However, proving emotional distress can sometimes be more challenging than proving physical injuries. While there are usually medical records to detail physical injuries, these records rarely detail emotional distress. So how can you document or provide evidence that can prove that you have suffered emotional distress?
PROVING EMOTIONAL DISTRESS
In many ways, you are your best witness to emotional distress. It is important to reflect on what your daily life was like prior to the accident and what is going on emotionally as a result of the accident. For example, are you having flashbacks of the accident that are causing you distress? Do you feel more anxious about life in general and, particularly, about driving or riding in a vehicle? Are you having trouble sleeping or do you have nightmares of the incident that disturb your sleep? Are you experiencing the stress or anxiety that you have associated with the accident? You may provide your own testimony of the specific emotional injuries you have suffered or are currently suffering due to an accident. It is important to be as factual as possible and to explain how your emotional distress affects your ability to get through your day without exaggerating.
Evidence to prove emotional distress can also include witness testimony, documentation and other evidence related to the accident. Your friends and family may have observed that you seem different since the accident. They may have observed your inability to sleep or your apprehension about doing things that used to be routine, but which now seem to cause anxiety on your part. These people can testify to the emotional impact of the accident. You can also keep a journal of your emotional distress. During your convalescence and beyond you can write daily entries on how the accident and your injuries are affecting you that day. You can explain any physical limitations and how they are affecting you psychologically and emotionally. You can explain your frustration in your inability to do things you used to enjoy but which you can no longer do because of your injuries. The more specific you are regarding the impact of the accident on your daily life and its effect on your ability to enjoy recreational activities, the more helpful this information can be in documenting emotional distress.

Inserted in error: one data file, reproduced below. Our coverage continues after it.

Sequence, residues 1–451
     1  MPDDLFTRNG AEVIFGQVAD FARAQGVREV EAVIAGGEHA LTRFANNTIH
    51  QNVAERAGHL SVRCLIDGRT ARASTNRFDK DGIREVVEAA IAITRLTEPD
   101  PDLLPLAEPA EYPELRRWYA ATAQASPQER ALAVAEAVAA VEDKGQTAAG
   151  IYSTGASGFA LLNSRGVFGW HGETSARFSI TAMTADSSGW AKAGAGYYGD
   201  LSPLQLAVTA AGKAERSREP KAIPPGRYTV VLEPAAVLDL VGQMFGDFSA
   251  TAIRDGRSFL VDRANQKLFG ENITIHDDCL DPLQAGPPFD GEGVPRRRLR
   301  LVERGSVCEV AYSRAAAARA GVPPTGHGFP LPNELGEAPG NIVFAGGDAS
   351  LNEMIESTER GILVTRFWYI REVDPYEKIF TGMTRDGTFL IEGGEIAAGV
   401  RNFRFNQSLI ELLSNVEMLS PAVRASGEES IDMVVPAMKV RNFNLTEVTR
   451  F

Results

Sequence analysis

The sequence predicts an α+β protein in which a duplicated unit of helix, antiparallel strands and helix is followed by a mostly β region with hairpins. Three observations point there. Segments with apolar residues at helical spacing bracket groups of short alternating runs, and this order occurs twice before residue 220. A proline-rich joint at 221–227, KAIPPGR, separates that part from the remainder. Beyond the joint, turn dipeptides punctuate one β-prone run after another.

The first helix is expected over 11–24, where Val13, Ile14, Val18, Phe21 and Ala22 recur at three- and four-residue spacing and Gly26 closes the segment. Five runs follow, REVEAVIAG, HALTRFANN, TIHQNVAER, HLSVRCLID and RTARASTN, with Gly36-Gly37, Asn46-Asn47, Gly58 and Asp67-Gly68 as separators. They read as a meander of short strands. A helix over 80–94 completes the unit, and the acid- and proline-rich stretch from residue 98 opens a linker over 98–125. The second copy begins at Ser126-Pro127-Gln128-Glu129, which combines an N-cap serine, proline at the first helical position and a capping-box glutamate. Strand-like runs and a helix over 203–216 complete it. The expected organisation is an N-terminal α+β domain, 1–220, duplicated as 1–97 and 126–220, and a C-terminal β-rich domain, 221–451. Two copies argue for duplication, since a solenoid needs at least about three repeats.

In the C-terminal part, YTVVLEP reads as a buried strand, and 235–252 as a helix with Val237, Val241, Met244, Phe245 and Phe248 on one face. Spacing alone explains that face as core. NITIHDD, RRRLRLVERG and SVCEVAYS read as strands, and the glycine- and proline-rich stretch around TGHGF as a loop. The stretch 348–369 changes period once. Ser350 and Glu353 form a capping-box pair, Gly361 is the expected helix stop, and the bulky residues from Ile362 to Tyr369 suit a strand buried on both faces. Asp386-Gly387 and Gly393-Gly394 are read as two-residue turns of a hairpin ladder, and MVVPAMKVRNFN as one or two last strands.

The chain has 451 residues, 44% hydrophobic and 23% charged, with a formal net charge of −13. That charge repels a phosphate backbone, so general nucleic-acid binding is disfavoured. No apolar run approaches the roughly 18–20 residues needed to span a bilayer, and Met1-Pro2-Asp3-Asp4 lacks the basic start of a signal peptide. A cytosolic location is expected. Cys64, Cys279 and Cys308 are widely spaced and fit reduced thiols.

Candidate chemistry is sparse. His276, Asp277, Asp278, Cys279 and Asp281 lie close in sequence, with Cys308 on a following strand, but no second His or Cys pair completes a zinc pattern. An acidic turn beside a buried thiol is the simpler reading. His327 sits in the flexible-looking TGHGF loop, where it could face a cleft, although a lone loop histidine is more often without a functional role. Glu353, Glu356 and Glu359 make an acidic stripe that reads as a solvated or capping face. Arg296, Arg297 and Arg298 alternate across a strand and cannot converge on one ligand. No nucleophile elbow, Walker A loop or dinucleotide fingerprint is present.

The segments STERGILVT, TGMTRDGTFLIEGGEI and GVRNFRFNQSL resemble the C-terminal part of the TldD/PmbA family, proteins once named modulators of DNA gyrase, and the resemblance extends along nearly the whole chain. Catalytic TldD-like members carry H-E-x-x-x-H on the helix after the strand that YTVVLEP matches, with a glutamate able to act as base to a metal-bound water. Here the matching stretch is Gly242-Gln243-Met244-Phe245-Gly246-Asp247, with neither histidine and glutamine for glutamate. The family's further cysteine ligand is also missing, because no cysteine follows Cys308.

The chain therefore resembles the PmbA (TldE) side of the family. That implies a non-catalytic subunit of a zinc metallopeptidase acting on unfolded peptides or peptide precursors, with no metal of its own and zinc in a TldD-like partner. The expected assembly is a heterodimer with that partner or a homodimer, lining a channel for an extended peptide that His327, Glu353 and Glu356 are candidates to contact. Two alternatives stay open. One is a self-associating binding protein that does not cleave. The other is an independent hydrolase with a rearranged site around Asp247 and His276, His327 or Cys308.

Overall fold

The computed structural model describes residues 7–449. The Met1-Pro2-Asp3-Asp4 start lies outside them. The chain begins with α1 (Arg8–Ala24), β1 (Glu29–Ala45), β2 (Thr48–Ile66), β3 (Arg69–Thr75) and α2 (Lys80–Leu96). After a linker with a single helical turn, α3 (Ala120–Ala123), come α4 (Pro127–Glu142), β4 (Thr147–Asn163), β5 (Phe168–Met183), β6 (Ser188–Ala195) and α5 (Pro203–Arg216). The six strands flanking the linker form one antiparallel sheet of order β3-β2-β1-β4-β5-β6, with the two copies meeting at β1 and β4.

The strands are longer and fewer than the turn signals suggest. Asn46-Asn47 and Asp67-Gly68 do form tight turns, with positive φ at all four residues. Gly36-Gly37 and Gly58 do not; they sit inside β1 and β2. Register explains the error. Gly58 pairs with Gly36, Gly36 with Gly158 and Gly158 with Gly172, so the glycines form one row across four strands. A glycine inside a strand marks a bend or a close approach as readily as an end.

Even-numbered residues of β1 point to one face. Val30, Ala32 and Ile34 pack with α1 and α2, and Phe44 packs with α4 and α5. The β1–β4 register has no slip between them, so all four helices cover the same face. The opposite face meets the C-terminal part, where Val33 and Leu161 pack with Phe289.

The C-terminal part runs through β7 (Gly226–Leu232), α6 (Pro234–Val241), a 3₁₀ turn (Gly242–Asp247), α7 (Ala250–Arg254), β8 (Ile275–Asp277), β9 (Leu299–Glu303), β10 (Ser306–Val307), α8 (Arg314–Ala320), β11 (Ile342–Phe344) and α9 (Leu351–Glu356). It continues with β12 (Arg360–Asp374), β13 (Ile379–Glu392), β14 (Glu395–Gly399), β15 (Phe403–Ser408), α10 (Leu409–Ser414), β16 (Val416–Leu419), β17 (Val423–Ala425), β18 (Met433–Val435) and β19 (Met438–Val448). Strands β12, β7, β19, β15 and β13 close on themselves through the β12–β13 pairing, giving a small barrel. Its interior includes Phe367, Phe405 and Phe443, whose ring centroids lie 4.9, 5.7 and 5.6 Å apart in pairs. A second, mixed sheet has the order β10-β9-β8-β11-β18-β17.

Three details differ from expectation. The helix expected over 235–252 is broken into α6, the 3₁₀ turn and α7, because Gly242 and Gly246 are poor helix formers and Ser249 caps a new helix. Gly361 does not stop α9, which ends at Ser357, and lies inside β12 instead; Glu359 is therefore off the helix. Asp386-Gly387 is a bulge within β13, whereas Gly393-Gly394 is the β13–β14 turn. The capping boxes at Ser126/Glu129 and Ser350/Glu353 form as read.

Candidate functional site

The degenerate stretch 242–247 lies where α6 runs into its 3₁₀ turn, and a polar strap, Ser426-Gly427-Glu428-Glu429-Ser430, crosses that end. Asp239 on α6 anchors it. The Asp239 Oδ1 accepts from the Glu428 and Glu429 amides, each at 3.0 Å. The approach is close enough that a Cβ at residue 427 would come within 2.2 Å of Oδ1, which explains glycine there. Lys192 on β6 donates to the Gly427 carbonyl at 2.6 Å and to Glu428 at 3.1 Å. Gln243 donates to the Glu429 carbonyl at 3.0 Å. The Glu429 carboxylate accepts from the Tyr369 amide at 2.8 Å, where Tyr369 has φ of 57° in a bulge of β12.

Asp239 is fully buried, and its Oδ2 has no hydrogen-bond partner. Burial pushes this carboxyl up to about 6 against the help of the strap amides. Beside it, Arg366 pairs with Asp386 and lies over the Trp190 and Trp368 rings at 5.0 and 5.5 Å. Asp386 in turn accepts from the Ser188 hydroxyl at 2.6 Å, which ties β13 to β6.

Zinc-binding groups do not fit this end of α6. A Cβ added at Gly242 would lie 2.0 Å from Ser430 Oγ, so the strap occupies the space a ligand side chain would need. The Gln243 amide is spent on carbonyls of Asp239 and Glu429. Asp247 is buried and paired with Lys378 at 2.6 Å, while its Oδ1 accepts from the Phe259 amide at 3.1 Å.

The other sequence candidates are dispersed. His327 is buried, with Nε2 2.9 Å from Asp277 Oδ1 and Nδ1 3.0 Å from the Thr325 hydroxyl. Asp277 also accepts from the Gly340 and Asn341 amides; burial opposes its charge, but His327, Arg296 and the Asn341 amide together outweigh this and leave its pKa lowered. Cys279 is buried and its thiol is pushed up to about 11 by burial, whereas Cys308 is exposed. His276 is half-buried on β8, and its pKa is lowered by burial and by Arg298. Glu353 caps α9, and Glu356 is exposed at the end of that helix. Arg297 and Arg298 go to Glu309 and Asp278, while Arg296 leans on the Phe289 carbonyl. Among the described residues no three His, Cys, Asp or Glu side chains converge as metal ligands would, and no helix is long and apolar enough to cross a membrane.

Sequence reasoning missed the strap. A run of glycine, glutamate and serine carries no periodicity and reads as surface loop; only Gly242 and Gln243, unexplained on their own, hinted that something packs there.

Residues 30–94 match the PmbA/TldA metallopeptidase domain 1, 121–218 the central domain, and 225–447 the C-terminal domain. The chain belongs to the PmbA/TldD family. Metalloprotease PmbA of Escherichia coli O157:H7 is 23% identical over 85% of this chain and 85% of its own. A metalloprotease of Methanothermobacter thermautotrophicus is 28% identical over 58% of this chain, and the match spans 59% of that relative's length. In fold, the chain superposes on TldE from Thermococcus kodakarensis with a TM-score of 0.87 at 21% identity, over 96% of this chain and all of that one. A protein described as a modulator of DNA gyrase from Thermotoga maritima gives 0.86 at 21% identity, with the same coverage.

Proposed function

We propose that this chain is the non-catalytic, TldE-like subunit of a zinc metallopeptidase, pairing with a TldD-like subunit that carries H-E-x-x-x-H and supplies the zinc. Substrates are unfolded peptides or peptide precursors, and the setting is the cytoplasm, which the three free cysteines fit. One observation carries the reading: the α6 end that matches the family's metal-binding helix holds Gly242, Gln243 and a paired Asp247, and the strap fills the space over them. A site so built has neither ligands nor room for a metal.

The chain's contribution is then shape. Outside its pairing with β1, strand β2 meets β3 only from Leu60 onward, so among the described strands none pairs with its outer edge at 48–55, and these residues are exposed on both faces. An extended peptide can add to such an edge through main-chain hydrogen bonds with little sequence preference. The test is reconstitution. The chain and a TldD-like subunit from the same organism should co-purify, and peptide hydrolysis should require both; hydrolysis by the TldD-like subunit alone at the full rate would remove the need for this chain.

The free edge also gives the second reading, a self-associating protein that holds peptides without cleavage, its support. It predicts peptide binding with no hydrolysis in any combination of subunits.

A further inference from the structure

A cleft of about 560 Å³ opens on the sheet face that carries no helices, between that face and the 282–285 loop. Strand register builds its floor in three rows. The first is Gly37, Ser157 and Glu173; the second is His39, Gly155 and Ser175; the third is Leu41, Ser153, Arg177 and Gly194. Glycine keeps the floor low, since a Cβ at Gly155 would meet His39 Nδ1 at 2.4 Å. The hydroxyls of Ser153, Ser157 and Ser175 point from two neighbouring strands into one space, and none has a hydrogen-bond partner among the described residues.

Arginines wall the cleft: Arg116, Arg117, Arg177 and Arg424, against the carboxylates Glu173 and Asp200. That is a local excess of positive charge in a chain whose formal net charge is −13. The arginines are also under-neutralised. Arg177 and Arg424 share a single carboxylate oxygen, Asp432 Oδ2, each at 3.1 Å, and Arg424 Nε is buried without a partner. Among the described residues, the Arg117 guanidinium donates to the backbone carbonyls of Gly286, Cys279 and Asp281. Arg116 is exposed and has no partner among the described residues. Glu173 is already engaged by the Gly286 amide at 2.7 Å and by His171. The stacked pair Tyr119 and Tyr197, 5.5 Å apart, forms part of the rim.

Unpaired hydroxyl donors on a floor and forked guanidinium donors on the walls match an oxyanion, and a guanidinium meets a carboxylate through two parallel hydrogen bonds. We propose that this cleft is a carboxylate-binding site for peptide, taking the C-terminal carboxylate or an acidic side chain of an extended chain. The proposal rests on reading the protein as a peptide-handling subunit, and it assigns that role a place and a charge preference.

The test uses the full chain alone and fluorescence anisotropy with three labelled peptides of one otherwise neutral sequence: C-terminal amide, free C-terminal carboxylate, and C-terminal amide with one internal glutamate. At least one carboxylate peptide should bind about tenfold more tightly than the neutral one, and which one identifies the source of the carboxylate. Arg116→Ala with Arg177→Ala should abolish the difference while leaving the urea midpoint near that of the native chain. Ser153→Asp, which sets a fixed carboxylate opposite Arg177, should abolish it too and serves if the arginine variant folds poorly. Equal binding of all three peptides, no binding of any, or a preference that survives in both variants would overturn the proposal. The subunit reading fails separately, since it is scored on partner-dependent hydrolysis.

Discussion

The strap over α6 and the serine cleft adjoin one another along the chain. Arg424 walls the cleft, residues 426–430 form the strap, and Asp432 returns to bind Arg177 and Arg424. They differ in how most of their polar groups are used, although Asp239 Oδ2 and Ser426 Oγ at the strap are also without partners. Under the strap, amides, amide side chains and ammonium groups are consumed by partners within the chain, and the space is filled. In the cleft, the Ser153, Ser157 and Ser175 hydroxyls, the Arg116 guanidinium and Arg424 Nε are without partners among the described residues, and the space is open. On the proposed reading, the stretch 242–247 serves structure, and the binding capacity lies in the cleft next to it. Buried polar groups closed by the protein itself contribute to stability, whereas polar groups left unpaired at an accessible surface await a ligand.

PROVING LOST WAGES